On February 16, the Federal Trade Commission (FTC) hosted a public forum to examine its proposed rule to ban non-compete agreements. Non-compete clauses serve to protect a business’s trade secrets and confidential information, which makes such a ban a concern for many businesses. The comment period for this proposed rule ends on April 19, so businesses should consider voicing their concerns during this time. This article summarizes the remarks made during the public forum by the FTC, a panel discussion, and comments from the public.

The forum included a variety of opinions and statements, ranging from those in support of the ban to those calling out the FTC for unauthorized rulemaking. From the perspective of the FTC, non-compete agreements limit the mobility of workers and are an issue for both executives and entry-level workers. The agreements exist in nearly every industry and may prevent a worker from seeking or accepting another job within their industry. As such, the goal of the FTC with this proposed rule is to encourage economic growth through the mobility of workers.

The forum took comments from the public to hear opinions both in support of and against the proposed rule. Those in support of the rule included physicians, veterinarians, charter school teachers, and franchisees. The primary concern that physicians and other health professionals had was the control non-competes had over how and where they could use their license to practice. Additionally, under the current language of the proposed rule, franchise agreements are not included in the ban because the FTC views the relationship in those agreements to be different from that of the employer-employee relationship. Franchisees, however, want to be included in the rule in order to have a more “fair” contract.

On the contrary, many comments from the public were completely against the proposed rule. A representative from the US Chamber of Commerce stated that the FTC does not have any authority to promulgate such a rule, and noted that the FTC failed to address the issue concerning its authority. Additionally, many felt there was not enough evidence presented by the FTC to issue a total ban and that the rule was too broad. Those from the National Association of Truck Stop Owners and the Society of Independent Gasoline Marketers of America use non-competes for high-level executives; if this rule were to go into effect, these organizations, as well as others, would want the rule to apply prospectively and not retroactively. Under the current language of the rule, employers would have the burden of terminating agreements they have already entered into, as well as providing notice to those employees or former employees that the agreement is no longer valid.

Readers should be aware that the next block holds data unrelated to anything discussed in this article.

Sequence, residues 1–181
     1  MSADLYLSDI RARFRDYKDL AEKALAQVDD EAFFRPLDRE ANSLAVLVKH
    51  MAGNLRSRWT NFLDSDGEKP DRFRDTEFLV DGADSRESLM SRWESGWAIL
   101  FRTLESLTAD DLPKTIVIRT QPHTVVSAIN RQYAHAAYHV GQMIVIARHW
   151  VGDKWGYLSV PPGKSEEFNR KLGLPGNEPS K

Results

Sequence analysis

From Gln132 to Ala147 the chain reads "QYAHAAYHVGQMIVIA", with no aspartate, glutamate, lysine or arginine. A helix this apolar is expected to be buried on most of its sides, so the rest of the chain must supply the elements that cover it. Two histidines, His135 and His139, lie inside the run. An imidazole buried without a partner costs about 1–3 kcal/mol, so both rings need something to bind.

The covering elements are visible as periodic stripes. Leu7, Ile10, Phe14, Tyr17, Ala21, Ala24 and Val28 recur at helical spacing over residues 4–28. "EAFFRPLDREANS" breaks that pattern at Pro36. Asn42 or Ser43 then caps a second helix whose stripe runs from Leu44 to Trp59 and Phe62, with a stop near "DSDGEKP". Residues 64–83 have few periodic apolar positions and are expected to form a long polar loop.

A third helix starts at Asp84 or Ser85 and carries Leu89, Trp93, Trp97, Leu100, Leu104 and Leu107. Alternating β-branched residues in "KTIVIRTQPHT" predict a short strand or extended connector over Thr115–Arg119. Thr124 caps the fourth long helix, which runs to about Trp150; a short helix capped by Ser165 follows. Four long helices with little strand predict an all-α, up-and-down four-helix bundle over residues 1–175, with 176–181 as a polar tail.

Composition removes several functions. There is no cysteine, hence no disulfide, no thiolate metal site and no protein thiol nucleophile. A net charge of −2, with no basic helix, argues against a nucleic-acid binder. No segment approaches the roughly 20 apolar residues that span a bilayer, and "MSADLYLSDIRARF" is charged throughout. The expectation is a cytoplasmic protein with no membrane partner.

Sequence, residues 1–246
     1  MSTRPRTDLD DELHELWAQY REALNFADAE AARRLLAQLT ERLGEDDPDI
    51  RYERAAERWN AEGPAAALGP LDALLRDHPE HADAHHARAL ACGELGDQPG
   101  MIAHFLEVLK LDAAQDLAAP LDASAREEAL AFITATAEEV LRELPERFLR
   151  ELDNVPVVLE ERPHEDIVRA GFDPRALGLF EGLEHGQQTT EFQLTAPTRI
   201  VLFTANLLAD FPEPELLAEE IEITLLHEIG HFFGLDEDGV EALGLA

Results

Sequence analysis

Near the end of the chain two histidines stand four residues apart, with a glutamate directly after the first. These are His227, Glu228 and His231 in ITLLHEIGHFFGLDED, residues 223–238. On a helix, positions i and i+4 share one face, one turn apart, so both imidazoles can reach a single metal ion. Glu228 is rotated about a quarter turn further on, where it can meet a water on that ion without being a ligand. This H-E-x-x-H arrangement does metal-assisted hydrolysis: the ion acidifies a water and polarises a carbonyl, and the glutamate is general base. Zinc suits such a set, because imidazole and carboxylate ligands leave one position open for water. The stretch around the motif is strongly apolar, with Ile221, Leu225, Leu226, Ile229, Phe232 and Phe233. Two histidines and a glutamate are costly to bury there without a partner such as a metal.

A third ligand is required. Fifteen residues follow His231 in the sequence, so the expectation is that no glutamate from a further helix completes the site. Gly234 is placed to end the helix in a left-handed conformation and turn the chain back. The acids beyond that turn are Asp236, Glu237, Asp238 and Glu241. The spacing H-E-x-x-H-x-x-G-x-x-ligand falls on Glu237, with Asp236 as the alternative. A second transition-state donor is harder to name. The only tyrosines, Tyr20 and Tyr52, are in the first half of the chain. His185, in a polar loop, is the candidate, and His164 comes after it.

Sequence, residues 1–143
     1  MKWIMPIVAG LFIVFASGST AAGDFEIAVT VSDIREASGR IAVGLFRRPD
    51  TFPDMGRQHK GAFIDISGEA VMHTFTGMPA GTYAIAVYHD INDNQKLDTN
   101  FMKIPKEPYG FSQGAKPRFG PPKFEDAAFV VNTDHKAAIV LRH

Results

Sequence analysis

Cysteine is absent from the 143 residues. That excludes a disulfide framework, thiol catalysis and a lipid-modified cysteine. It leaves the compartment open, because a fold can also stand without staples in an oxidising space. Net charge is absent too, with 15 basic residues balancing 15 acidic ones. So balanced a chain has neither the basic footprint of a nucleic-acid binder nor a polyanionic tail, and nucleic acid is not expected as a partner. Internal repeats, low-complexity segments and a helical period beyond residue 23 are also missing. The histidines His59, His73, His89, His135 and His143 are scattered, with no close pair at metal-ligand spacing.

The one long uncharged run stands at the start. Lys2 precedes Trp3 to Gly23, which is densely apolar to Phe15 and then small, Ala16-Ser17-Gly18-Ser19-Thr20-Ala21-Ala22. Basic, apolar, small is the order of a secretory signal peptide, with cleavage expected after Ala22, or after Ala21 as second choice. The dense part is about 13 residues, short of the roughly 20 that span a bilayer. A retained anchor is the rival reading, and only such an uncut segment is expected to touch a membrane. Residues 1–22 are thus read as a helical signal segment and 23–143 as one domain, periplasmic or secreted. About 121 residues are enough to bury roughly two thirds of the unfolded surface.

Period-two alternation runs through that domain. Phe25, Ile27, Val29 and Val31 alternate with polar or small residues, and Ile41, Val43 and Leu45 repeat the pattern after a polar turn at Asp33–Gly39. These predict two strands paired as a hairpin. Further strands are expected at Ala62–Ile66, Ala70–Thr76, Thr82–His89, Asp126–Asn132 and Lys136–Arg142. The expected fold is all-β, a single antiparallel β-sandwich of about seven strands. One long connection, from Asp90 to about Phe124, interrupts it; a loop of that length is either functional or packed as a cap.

Furthermore, the proposed rule only allows for non-competes to exist for owners who have at least a 25% interest in the business. Some commenters felt that the percentage was too high and that the restriction as-is would impede commercial transactions. An additional concern for those against the proposed rule is that the ban would reduce incentives for long-term investment and innovation for workers. Employers would be more reluctant to invest in and provide specialized training for workers if they felt there was a strong possibility that those workers may go work for a competitor.

The FTC, as well as supporters of the proposed rule, stated that trade secret law could be used to protect a business’s confidential information. However, those opposed to the rule stated that trade secret law does not sufficiently protect companies because the information has already been revealed by the time the law is triggered. Non-competes help to circumvent this problem by getting ahead of trade secret or confidential information being shared.

In sum, the participants present were split between being in support of or against the proposed rule. Regardless, the contractual dynamic between employees and employers will be impacted if this proposed rule goes into effect. The FTC will now be accepting comments on the proposed rule until April 19. Originally, the deadline for submitting comments was March 20. The FTC encourages the public to continue to comment during this period. If you have specific questions on how this proposed rule may affect your company or would like assistance in drafting a comment, please contact Joe Lavigne, Tom Hubert, or P.J. Kee.